I was recently directed towards an excerpt of a book by Svetlana Boym called “The Future of Nostalgia” as a prompt for a painting in an upcoming show. The following passage felt somehow relevant. She writes: “The twentieth century began with utopia and ended with nostalgia. Optimistic belief in the future became outmoded, while nostalgia, for better or worse, never went out of fashion, remaining uncannily contemporary. The word “nostalgia” comes from two Greek roots, nostos meaning “return home” and algia “longing.” I would define it as a longing for a home that no longer exists or has never existed. Nostalgia is a sentiment of loss and displacement, but it is also a romance with one’s own fantasy. Nostalgic love can only survive in a long-distance relationship. A cinematic image of nostalgia is a double exposure, or a superimposition of two images—of home and abroad, of past and present, of dream and everyday life. The moment we try to force it into a single image, it breaks the frame or burns the surface.”

AMM: What is your process of working? Are your drawings precursors to paintings? Where and how do you work out the complex compositional elements?  

DL: I approach a drawing with a certain strong feeling or a fuzzy idea and through line it eventually becomes concrete. Drawing has always been the most natural way for working through ideas and feelings. When I approach the painting, I’m armed with a ghost of that feeling and the pictorial elements, but I rarely look at the drawing. Then comes that contact sport element. Though I still use sketchbooks (and I have a million stacked around my studio with scribbles and notes that expose my thinking at the time, dumb or valid as it might have been, with holes and taped bits of paper to try to get compositions right), I caved and recently bought an iPad and have been using it to expedite the composition process. I’ll admit it’s a super handy tool, but I miss having those demented, ketchup-stained preliminary sketches on paper.

AMM: What are you working on right now? 

DL: I’m sitting in front of a few paintings right now. One borrows a setting from a painting I made last year called “King of the Forest,” but here the whole scene is unfolding from a different angle with some new clues and cast members. There are a few entranceways as I can see it—one through the partially open jaws of a smoker at stage right (we’re inside the mouth), or over the great wall of that brown paper bag I mentioned earlier, which ostensibly conceals a Forty. Then you fly over the top of a Toyota pickup into a scene where two girls are trying to communicate with their braids from different sides of the painting, and someone else is ripping the skin off a charred marshmallow, scowling across at a stargazing couple in the top left corner. I just finished one based loosely on an Aaron Gilbert painting I saw this past year at Lyles and King, called “Citibank.” Mine is of a guy with one hand pressed up against the window of a car (unrolled just a crack) and the other hand dangling down beside a girl’s flattened head. The two are communicating. In my head I’ve been calling it “Coach.”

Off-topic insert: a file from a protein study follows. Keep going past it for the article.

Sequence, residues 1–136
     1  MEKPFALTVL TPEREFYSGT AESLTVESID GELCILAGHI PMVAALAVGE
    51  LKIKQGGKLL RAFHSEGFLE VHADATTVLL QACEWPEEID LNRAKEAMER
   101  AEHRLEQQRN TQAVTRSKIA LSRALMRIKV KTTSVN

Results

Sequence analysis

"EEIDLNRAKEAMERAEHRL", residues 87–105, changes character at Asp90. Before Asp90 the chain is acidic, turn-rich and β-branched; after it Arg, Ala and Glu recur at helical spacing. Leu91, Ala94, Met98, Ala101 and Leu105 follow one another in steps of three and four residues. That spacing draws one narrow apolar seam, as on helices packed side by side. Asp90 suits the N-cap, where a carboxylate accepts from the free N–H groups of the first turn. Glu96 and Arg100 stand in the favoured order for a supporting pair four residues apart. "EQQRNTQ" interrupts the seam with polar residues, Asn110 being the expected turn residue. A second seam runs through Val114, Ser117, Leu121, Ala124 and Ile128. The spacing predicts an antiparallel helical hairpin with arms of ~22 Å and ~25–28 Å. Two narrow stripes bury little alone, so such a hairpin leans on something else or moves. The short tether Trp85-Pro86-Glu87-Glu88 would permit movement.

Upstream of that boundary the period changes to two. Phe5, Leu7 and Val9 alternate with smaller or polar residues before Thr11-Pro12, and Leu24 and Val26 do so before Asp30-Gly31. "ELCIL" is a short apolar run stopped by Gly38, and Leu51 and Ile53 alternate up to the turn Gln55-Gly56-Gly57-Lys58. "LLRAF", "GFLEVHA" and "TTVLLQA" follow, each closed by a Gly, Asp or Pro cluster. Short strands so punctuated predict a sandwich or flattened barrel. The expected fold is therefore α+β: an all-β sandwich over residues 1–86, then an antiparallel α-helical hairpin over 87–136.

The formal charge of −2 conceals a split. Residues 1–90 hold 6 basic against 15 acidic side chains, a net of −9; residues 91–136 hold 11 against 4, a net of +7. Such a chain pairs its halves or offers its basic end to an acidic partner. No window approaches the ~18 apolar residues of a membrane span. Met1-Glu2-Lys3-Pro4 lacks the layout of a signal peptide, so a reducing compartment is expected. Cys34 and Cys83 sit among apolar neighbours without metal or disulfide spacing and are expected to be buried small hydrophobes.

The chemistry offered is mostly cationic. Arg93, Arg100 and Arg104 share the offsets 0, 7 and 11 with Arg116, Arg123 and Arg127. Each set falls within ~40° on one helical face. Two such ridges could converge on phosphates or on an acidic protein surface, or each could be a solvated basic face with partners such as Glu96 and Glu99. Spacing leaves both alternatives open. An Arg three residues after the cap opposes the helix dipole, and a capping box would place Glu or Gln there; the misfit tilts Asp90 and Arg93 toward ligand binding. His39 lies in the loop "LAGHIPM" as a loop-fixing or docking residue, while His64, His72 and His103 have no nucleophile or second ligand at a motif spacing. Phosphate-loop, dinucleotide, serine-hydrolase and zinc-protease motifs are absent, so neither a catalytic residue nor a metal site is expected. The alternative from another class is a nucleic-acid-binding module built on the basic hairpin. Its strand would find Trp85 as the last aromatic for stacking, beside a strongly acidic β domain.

AMM: When you’re not making art, what are some of the ways you enjoy spending your time? 

DL: I go on gallery crawls, watch movies, play soccer, discuss everything inexhaustibly with my friend Erin whose studio is down the hall. When I get caught in a good book (reading Murakami right now and it is bending my brain!) I can’t get out of it. When I can go home, I like getting tipsy with my mom and sister and coaxing secrets out of them. I like biking around Brooklyn, finding new neighbourhood gin joints to haunt with my boyfriend, Tim. We have a “tickle trunk,” which is just a duffle bag full of whacky costumes, and I’ll throw one on at any opportunity and go out dancing/flailing. Hardcore techno and everything 90s. And my guilty pleasure is thrift shopping. I have a relatively expensive knack for it. I’ve justified the habit by telling myself the “tactile cataloguing of fabrics and colours and textures informs my practice,” but it’s really about the junky thrill that comes with the discovery of something fantastically worn-in and underpriced.

AMM: Do you have any exciting projects coming up? What’s next for you? 

DL: I am working like a lunatic in the studio right now— I have solo show with GNYP Gallery in Berlin opening April 30, and will have a piece in a group show in Brussels with Super Dakota (called “Off Nostalg(h)ia”) on April 22. I’ll have a booth in the Cape Town Art Fair, in TOMORROWS/TODAY with C+N Canepaneri Gallery in February. I also have a piece at Art Basel Miami Beach in the Collectors Lounge with Chubb Insurance.

Find out more about the artist:

Interview by Layla Leiman for ArtMaze Magazine.

The Splits, oil on panel, 8 x 10 inches